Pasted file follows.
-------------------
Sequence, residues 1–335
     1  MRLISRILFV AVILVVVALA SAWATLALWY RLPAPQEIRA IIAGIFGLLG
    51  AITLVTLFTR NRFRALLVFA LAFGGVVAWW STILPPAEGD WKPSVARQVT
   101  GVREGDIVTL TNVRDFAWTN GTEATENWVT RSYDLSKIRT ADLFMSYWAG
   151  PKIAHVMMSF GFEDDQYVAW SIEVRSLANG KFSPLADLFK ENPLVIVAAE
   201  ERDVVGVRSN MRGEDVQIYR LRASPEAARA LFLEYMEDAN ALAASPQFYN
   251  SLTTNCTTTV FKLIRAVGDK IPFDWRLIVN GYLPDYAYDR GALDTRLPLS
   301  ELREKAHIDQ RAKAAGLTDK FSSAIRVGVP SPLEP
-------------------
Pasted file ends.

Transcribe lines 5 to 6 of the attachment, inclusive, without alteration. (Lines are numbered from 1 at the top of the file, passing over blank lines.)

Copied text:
   151  PKIAHVMMSF GFEDDQYVAW SIEVRSLANG KFSPLADLFK ENPLVIVAAE
   201  ERDVVGVRSN MRGEDVQIYR LRASPEAARA LFLEYMEDAN ALAASPQFYN